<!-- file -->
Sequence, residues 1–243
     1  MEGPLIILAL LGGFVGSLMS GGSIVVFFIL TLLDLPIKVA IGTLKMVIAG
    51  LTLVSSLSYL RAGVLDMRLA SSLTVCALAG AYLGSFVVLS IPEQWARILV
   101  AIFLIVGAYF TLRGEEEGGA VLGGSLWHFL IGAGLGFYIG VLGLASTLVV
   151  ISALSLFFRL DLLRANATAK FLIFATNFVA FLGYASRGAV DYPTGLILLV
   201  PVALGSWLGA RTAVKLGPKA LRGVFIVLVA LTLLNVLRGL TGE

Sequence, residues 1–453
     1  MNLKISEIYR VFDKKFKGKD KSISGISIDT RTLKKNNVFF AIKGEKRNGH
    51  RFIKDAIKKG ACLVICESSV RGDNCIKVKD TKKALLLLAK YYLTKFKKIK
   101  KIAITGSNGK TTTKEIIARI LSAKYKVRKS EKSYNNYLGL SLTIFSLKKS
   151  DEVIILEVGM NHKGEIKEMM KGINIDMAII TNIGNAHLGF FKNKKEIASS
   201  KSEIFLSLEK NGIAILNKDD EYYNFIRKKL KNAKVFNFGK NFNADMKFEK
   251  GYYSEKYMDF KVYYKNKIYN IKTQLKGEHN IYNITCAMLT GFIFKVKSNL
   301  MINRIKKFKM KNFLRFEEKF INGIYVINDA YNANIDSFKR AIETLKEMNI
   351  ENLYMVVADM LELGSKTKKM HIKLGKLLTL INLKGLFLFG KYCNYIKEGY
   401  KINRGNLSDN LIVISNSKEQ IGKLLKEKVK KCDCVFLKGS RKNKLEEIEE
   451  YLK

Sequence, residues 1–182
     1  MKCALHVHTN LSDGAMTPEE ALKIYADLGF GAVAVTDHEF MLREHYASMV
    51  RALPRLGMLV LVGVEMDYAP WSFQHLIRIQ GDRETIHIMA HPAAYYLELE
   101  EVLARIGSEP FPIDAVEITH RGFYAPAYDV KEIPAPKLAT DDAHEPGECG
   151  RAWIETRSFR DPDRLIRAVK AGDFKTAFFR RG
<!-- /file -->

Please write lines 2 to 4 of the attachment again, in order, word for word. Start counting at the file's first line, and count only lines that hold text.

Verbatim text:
     1  MEGPLIILAL LGGFVGSLMS GGSIVVFFIL TLLDLPIKVA IGTLKMVIAG
    51  LTLVSSLSYL RAGVLDMRLA SSLTVCALAG AYLGSFVVLS IPEQWARILV
   101  AIFLIVGAYF TLRGEEEGGA VLGGSLWHFL IGAGLGFYIG VLGLASTLVV